SEFTON LSCB Safeguarding Policies and Procedures Online Manual

    18.1 Introduction

    Last updated 18/05/2017

    This procedure should be read in conjunction with Section 5 'Contextual Safeguarding'

    This guidance is based on and summarises the document Channel: Protecting vulnerable people from being drawn into terrorism. A guide for local partnerships (October 2012) and The Prevent Strategy: A Guide for Local Partners in England. Stopping people becoming or supporting terrorists and violent extremists.

    The guidance provides advice on how to manage and respond to concerns of adults, children and young people identified as being vulnerable to and affected by the radicalisation of others


    To reduce the risk from terrorism we need not only to stop terrorist attacks but also to prevent people becoming terrorists. This is one objective of CONTEST ( ), the Government’s strategy for countering all forms of violent extremism.

    Work to safeguard children and adults, providing early intervention to protect and divert people away from being drawn into terrorist activity, is at the heart of the Prevent strand of the CONTEST strategy. Supporting vulnerable individuals requires clear frameworks - including guidance on how to identify vulnerability and assess risk, where to seek support and measures to ensure that we do not ever confuse prevention and early intervention with law enforcement.

    Sefton Local Authority and Merseyside Police, through the Sefton Adult and Children’s Safeguarding Boards, ( have agreed that this radicalisation / exploitation should be addressed as a Safeguarding concern and should be embedded into the work of Local Safeguarding Services through the CHANNEL Process.

    CHANNEL( is about protecting people from radicalisation into all forms of terrorism, diverting people away from the risk they may face before illegality relating to terrorism occurs. CHANNEL operates in the non-criminal space. The principles set out in this guidance apply equally to all terrorist groups.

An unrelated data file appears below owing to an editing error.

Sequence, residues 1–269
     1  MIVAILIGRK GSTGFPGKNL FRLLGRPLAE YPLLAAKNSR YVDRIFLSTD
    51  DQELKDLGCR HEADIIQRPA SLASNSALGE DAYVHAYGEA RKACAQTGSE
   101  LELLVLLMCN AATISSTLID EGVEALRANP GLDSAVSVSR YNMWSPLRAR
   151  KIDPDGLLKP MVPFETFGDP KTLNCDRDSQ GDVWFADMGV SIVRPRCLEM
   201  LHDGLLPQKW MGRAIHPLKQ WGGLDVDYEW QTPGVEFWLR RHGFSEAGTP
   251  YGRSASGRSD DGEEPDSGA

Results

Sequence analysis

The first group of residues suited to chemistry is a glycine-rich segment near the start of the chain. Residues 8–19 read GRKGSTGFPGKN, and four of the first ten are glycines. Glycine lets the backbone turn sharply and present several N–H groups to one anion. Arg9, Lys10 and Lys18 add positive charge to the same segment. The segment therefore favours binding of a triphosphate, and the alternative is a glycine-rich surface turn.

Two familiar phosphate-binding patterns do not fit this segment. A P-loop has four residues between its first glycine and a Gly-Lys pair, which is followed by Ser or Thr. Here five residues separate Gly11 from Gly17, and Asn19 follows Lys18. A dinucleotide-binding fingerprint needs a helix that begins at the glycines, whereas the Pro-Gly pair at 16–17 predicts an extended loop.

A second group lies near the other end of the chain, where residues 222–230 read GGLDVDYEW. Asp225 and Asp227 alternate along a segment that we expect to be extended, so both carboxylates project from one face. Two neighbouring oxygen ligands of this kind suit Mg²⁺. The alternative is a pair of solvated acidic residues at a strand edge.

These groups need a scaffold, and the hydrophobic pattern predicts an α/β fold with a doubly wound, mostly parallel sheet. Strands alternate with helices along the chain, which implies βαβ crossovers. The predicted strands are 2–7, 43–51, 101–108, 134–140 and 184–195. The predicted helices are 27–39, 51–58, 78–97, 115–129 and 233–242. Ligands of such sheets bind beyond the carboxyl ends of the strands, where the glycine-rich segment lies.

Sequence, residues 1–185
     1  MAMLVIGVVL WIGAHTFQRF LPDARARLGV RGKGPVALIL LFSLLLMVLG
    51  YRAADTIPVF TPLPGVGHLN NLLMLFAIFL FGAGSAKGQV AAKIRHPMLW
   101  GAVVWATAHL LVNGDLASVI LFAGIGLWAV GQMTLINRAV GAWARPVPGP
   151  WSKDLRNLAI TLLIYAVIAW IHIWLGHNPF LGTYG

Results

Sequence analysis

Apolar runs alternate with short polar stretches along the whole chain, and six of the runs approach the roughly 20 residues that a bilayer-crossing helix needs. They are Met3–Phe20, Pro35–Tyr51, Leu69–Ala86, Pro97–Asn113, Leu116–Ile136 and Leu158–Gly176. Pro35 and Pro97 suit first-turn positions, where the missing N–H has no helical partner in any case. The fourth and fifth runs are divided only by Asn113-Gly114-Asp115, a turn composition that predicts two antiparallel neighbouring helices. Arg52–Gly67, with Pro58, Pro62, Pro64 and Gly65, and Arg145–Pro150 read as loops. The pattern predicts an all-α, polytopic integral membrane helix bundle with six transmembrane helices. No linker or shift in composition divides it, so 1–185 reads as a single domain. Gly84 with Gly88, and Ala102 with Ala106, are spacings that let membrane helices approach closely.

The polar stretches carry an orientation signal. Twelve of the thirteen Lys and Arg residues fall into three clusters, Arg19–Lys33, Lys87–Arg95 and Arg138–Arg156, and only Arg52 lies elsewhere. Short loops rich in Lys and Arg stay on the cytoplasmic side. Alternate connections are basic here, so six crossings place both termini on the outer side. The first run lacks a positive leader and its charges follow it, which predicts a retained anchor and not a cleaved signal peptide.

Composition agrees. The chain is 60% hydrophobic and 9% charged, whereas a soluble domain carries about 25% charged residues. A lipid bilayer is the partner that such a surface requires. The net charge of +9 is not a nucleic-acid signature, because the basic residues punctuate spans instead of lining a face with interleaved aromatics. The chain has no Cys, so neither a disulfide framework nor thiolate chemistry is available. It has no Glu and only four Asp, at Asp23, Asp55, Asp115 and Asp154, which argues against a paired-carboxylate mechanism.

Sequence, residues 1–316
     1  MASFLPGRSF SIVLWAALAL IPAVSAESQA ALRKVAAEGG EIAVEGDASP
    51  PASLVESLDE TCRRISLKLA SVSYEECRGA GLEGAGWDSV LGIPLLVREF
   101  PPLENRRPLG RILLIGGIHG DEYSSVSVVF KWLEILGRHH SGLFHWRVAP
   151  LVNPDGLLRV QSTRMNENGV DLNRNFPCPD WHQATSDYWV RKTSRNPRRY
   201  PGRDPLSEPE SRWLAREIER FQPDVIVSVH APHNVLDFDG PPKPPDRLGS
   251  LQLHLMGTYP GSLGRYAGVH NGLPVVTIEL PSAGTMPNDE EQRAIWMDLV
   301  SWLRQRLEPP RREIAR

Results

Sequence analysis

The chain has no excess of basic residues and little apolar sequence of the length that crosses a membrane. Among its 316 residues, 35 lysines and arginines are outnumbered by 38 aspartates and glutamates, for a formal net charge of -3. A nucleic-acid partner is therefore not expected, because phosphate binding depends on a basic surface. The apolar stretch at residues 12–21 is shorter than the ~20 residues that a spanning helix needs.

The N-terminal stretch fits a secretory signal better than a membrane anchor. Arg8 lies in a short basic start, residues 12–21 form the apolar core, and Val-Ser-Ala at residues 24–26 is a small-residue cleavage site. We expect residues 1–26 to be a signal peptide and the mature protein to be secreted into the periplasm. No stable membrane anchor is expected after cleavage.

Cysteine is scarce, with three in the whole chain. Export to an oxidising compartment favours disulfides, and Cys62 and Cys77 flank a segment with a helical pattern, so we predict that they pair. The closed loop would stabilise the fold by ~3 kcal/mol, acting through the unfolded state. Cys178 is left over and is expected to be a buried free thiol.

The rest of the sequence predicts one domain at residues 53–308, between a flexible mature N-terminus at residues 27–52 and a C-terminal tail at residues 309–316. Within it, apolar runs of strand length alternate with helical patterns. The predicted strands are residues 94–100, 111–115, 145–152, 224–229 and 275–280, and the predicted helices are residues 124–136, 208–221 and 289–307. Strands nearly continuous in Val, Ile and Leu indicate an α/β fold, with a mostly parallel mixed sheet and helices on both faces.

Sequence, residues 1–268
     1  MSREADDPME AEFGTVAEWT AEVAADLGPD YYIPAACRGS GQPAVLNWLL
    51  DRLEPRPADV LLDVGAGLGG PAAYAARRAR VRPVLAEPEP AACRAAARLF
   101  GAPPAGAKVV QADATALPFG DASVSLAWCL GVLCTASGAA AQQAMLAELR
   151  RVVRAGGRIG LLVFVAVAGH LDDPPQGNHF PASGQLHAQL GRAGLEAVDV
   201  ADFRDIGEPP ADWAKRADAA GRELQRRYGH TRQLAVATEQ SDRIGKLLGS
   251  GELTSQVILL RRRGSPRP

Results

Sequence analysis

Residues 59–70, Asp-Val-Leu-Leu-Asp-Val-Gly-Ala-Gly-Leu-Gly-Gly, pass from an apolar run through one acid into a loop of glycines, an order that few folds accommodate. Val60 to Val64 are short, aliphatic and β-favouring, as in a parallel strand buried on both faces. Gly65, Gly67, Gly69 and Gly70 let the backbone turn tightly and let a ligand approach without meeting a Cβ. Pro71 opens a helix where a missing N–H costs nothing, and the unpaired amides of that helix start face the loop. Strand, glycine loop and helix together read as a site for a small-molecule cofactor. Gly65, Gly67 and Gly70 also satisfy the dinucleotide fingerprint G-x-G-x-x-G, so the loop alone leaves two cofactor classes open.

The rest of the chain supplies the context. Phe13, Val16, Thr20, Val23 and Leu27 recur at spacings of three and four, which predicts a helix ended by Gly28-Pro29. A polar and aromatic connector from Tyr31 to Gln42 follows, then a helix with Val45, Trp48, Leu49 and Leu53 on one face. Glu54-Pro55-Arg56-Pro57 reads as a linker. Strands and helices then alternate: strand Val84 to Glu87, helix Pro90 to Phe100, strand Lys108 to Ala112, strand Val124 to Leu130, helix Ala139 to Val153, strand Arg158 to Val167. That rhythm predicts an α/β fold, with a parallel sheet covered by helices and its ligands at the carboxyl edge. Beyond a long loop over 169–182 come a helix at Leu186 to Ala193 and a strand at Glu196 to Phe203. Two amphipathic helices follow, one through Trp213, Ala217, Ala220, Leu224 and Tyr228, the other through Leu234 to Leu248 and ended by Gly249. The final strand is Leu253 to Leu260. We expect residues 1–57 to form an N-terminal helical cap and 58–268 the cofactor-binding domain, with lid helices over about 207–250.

Radicalisation is defined as the process by which people come to support terrorism and violent extremism and, in some cases, to then participate in terrorist groups.

    There is no obvious profile of a person likely to become involved in extremism or a single indicator of when a person might move to adopt violence in support of extremist ideas. The process of radicalisation is different for every individual and can take place over an extended period or within a very short time frame. Research has however identified that during this process opportunities arise when recognition, intervention and then support can be provided to divert the individual away from extremist activity.

    Three main areas of concern have been identified for initial attention in developing the awareness and understanding of how to recognise and respond to the increasing threat of children/young people being radicalised:

    • Increasing understanding of radicalisation and the various forms it might take, thereby enhancing the skills and abilities to recognise signs and indicators amongst all staff working with children and young people;
    • Identifying a range of interventions - universal, targeted and specialist - and the expertise to apply these proportionately and appropriately;
    • Taking appropriate measures to safeguard the well-being of children living with or in direct contact with known extremists.